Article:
## Section 3.4 Vector Equations

The equation for summing two vectors, viz. Eq. (3.3.1) in Section 3.3,

is an example of a vector equation, where the left and right sides of the equation are vector quantites written in abstract formal symbols. When we express vectors in their Cartesian components, we get one simple algebraic equation along each Cartesian axis. We will handle almost all vector equations this way.

Simplest vector equation will have two vectors that are equal to each other. For example

What this is saying is that the two vectors have the same magnitude *and* the same direction.

If we look at the components of \(\vec A \) and \(\vec B \text{,}\) we will conclude that, they have the same components.

This component-wise equality can be understoor in another way. Let's write \(\vec A = \vec B \) as

That means the vector \(\vec A - \vec B \) is a zero vector. That can happen only if its magnitude is zero, which can happen if *all* its components are zero.

which is the same as Eq. (3.4.1). Since any vector equation can be written by rewriting the equation with everything on one side and a zero on the other side, a vector equation will give us one equation for each axis as in Eq. (3.4.1).

A more general example of a vector equation will be

This will give us the following three equations for the components.

###### Checkpoint 3.4.1. Negative of a Vector.

Two vectors \(\vec A \) and \(\vec B \) add up to give a zero vector. Suppose vector \(\vec A \) is known, what can you say about the magnitude and direction of vector \(\vec B\text{?}\)

Think what happens when you change the sign of a vector

\(B = A\text{,}\) opposite direction of \(\vec A\text{.}\)

We are given that

Solving for \(\vec B \text{,}\) we get

That is, \(\vec B \) is just \(\vec A \) woith direction flipped. Therefore, \(\vec B \) has the same magnitude as \(\vec A \) but has opposite direction

###### Checkpoint 3.4.2. Finding the Third Force that will Balance Two Other Forces Given in Component Form.

Consider a situation in which three forces cancel out. Two of the forces are given in the component form in the \(xy\)-plane as \(\vec F_1 = (20 \text{ N}, 10 \text{ N}) \text{,}\) and \(\vec F_2 = (-30 \text{ N}, 10 \text{ N}) \text{.}\)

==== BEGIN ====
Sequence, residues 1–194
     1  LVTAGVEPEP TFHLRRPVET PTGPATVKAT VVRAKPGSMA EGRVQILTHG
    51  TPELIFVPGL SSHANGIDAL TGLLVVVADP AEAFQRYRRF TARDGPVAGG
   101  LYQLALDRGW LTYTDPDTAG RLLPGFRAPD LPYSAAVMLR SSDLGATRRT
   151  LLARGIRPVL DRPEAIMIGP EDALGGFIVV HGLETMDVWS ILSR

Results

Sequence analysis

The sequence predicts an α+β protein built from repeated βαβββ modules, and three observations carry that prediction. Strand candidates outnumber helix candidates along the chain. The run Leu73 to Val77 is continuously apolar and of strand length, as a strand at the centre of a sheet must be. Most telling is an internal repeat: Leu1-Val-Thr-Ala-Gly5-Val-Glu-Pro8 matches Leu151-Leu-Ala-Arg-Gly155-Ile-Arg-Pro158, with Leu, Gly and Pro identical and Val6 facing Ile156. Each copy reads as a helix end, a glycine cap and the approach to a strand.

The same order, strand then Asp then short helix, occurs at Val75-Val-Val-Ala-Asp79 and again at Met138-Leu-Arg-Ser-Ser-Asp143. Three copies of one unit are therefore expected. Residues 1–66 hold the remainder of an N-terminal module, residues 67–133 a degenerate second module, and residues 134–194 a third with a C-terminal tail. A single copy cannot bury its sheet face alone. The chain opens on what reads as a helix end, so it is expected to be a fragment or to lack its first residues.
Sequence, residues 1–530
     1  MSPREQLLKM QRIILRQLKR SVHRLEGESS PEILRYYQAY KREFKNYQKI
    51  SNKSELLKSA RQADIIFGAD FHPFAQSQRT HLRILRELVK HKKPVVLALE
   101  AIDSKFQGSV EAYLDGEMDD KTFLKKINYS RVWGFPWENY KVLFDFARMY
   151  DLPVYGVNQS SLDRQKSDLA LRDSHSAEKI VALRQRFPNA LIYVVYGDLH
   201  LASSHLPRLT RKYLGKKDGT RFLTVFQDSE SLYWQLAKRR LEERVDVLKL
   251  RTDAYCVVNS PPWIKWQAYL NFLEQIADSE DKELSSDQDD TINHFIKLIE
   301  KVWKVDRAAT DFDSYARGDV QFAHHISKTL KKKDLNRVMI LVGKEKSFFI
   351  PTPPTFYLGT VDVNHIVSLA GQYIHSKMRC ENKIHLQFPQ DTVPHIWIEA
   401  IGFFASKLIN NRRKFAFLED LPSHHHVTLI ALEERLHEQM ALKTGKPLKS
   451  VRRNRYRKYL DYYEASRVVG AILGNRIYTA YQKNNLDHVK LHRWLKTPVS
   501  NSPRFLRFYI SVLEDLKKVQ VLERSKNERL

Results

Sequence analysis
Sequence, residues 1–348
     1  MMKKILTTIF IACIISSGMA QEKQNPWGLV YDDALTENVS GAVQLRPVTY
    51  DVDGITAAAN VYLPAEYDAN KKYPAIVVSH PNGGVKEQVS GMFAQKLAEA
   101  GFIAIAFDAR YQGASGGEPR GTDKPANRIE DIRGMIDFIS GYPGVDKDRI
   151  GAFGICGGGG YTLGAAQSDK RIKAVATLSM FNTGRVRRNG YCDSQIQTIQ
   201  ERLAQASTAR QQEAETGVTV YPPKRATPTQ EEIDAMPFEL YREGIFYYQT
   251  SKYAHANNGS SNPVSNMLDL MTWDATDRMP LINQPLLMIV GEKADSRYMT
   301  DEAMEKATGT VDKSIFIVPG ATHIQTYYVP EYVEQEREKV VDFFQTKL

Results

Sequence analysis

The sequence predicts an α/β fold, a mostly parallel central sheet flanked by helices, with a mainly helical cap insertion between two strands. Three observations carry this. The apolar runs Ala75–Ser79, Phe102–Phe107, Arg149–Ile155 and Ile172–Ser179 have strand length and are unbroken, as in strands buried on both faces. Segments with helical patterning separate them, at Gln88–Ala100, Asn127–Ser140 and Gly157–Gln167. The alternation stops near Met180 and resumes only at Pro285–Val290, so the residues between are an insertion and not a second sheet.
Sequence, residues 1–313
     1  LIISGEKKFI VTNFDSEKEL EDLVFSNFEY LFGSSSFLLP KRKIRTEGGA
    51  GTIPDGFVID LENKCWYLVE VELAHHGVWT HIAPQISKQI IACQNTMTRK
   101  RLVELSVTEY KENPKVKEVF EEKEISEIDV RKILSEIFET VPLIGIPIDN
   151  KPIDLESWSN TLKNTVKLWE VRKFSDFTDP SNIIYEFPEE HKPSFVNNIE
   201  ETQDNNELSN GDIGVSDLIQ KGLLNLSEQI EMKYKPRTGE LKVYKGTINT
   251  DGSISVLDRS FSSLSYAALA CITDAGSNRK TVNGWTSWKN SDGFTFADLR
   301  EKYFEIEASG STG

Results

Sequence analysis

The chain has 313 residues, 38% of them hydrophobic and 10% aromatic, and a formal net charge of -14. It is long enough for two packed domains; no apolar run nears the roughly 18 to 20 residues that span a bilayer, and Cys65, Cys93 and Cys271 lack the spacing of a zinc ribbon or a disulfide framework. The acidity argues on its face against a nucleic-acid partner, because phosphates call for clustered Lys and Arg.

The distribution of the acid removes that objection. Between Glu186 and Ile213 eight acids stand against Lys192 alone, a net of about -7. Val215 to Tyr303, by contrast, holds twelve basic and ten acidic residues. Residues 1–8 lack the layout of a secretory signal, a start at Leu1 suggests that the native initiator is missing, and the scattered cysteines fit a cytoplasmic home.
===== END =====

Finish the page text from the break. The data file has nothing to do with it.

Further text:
(a) What are the magnitude and direction of the third force? (b) Draw the three forces in the tip-to-tail manner and show that they form a closed path.

(a) Thinking in terms of components is helpful. (b) Why would they form a closed path? Think what their sum is.

(a) \((10\text{ N} , -20 \text{ N}) \) in component form, giving magnitude \(10\sqrt{5}\text{ N} \text{,}\) and the angle, \(\theta = 63.4^\circ\) clockwise into the fourth quadrant.

(a) Let us call the third force \(\vec F_3 \text{.}\) Then, we are given that

Therefore,

which means, the components of \(\vec F_3\) will be opposite of those of the sum of the other two force. Hence, (note: as in other places, we omit units in calculations, but put the units back in the final result.)

Therefore the magnitude and angle of \(\vec F_3 \) are

Since \((F_{3x} , F_{3y}) = (10, -20) \) in the fourth quadrant, the direction is \(63.4^{\circ}\) clockwise from positive \(x \) axis.

The three forces placed tip-to-tail should form a closed loop for their vector sum to be zero. We draw \(\vec F_1\) and \(\vec F_2\) to scale, and then find \(\vec F_3\) from the tip of \(\vec F_2\) to the tail of \(\vec F_1\text{.}\)

###### Checkpoint 3.4.4. Finding the Third Force that will Balance Two Other Forces Given in Magnitude-Direction Form.

Consider a situation in which three forces cancel out, i.e., their vector sum is equal to zero. Two of the forces are: \(\vec F_1 = (12\) N, due East), and \(\vec F_2 = (5\) N, due North).

(a) What are the magnitude and direction of the third force?

(b) Draw the three forces in the tip-to-tail manner and show that they form a closed path. Why would they form a closed path? Hint: Think about their sum.

Convert the given forces to component form first.

(a) \((-12\text{ N} , -5 \text{ N}) \) in component form with \(x \) towards East and \(y \) toward North. This will give magnitude = \(13 \text{ N}\text{,}\) and the angle will be in the third quadrant, \(22.6^\circ\) south of west.

(a) Let us call the third force \(\vec F_3 \text{.}\) Then, we are given that

Therefore,

which means, the components of \(\vec F_3\) will be opposite of those of the sum of the other two force. From the magnitudes and directions of \(\vec F_1 \) and \(\vec F_2 \) we find their component forms to be

Therefore, for \(\vec F_3 \) we get

Therefore the magnitude and angle of \(\vec F_3 \) are

Since \((F_{3x} , F_{3y}) = (-12, -5) \) in the third quadrant, the direction is \(22.6^{\circ}\) counterclockwise from the negative \(x \) axis. This is \(22.6^{\circ}\) South of West.